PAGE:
Have you ever been pursued? Usually as a young person, you’re the one who needs to be pursuing. Pursuing a career, pursuing a mentor, pursuing a love interest. But we figure that it should come naturally to you.
I’m seeing that it’s not the case. Young people these days have so many options, they struggle to focus and pursue any single option. Many find themselves on the sidelines of life waiting for perfection to arrive or some inner GO signal to flash. And they are still waiting.
It’s interesting to read God using the language of pursuit in the Bible. For example this: “When you get serious about finding me and want it more than anything else, I’ll make sure you won’t be disappointed.” – God speaking through Jeremiah to his people. (Jer. 29:13)
God wants his people to get serious about seeking him. He gives us this amazing world. He wants us to chase with greater tenacity.
If you’re focused on Facebook more than him, he is jealous for your attention. He doesn’t want to be your cheap seconds. He wants you to chase after him like you would a lover.
We use the language of pursuit in our every day language.
“Press in to him,” the counselor said to the young man who wanted a mentor.
“But how?” replied the man she was advising.
“Well, sometimes you just need to pursue someone like him.”
“But I don’t even know what that looks like. How do I press in? How do I pursue?”
How indeed? These words weren’t common in our spiritual vernacular until more recently. They’ve become normalized – you hear them a lot, But what do we mean by them?
In basketball, a full-court press is a strategy for tightly guarding the guy with the ball as he is in the back court. Pressing someone requires a lot more energy than it does to just fall back and wait for the opposing team to bring the ball into the front court.
Those guarding the ball could be said to be “pressing in.” They stay as close as possible to the person they’re guarding. They focus intently on him.
When we press in, we’re intentional. In an easy-come, easy-go world, our intentionality communicates, “I care. I am going to stick with you. What you’ve got, I want.”
Young people may need to be taught how to press in. And they can begin by finding the extra energy that pressing in requires. It is not passive; it is work.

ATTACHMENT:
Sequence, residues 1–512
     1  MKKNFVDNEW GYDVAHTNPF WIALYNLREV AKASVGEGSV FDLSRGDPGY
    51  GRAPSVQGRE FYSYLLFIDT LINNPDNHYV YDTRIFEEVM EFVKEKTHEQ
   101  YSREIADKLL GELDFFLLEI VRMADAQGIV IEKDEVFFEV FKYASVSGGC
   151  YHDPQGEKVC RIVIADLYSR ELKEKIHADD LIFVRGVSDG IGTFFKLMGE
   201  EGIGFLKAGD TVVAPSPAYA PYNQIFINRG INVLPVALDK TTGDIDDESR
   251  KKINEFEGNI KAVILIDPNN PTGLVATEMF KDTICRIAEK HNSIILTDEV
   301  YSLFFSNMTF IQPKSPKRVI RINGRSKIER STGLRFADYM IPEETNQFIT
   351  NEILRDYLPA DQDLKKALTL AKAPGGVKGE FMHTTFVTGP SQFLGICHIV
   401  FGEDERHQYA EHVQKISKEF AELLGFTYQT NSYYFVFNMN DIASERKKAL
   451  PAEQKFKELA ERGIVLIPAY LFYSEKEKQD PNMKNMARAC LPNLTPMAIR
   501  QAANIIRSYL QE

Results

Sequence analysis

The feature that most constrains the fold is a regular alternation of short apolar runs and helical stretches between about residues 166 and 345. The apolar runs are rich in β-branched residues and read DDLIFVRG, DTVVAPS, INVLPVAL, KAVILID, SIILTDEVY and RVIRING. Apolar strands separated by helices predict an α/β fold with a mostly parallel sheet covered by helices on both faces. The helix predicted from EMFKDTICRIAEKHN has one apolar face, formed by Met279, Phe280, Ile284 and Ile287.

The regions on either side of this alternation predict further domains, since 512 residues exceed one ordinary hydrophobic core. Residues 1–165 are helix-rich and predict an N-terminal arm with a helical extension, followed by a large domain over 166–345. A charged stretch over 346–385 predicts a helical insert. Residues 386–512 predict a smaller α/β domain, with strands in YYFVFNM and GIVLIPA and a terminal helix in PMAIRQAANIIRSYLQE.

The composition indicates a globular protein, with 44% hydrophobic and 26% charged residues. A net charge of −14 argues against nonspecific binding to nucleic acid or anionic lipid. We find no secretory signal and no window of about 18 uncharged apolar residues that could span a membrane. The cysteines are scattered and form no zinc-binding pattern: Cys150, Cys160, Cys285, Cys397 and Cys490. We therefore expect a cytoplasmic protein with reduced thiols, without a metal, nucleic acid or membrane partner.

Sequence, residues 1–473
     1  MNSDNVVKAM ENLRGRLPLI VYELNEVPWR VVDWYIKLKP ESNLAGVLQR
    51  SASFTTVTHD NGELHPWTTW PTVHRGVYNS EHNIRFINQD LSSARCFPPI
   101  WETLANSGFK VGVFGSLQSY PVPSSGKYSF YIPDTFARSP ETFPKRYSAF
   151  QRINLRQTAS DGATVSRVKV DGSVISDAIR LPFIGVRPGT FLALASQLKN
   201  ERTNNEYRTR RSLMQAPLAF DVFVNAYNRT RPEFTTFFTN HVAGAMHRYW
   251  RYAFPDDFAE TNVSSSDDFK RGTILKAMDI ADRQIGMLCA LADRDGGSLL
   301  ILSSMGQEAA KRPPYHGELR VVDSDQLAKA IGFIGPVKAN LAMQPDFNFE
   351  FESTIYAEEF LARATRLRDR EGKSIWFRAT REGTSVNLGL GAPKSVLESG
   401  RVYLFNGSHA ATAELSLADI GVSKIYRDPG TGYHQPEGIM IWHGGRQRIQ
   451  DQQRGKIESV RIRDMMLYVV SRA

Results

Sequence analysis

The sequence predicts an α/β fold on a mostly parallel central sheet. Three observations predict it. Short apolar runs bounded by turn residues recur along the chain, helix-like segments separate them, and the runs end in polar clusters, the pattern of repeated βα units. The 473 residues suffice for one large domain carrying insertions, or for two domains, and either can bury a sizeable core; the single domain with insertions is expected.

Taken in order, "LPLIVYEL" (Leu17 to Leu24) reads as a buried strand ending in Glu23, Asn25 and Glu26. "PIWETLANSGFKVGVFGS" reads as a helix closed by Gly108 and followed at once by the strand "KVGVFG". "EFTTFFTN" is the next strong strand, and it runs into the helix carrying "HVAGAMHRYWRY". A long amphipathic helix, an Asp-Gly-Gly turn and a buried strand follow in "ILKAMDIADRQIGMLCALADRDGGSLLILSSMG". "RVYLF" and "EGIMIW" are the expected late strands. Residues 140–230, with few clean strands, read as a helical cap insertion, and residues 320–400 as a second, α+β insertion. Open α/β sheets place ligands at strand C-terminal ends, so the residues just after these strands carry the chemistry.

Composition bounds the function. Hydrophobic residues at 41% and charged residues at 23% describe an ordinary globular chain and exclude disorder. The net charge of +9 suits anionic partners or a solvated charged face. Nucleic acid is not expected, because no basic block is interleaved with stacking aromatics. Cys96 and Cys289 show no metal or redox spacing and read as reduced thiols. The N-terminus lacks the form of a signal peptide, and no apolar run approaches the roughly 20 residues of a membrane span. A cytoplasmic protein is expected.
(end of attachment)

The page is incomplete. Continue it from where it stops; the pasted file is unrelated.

We all want intimacy, but intimacy will never happen without pressing in. Intimacy requires focus. It requires extra energy. In a romantic relationship, if we want the person to know we’re attracted, we’ll press in.
There comes a point where you’ve pressed in and you’re starting to get noticed. But the person you’re trying to get close to has not reciprocated your attentions. That’s when you shift gears and go into pursuit mode.
Pursuing someone involves disregarding the feedback that may be negative. In the movies, in a chase scene, the person being chased often tries to throw the pursuer of their track. But the pursuer keeps coming.
I remember hearing Andrew Shearman for the first time in 1991 in my Presbyterian church in Florida. It took me almost a decade of pursuit before I was able to build a relationship with him. In a way he was testing my tenacity. Would I continue to pursue a relationship even when my initial efforts bore no fruit.
My wife Karen similarly rebuffed my initial affections. In fact, her response was to get engaged to another man! But that didn’t stop me from pursuing her. I knew she was the one and I was relentless in my pursuit.
God wants us to chase after him in a similar manner. If circumstances turn negative, he wants us to look for him. If God seems especially silent, he wants us to continue asking him questions.
3 Ways to Press In
1. Spend time praying. Pursuit is about activating your intentionality. Just commit yourself to spending more time in prayer and see if it doesn’t pay off in other ways. See if your hunger level doesn’t rise. See if you don’t sense God’s presence more tangibly.
2. Seek first his kingdom. We see a good if/then promise in Matt. 6:33 “Seek first his kingdom and his righteousness, and all these things will be given to you as well.” Prioritizing God’s agenda right-sizes our affections. As you do so, you better understand why Jesus compared it to a precious pearl or a treasure.
3. Ask for counsel. What do those you respect have to say about your situation? What can the body of Christ contribute? Often we may feel we’re at a dead-end. That’s when we need to turn to others for their advice. We could all use a good challenge and some accountability.
One of the few things we can control in our lives is the way that we express our desire. Why not earnestly seek God and see if he isn’t faithful in his response?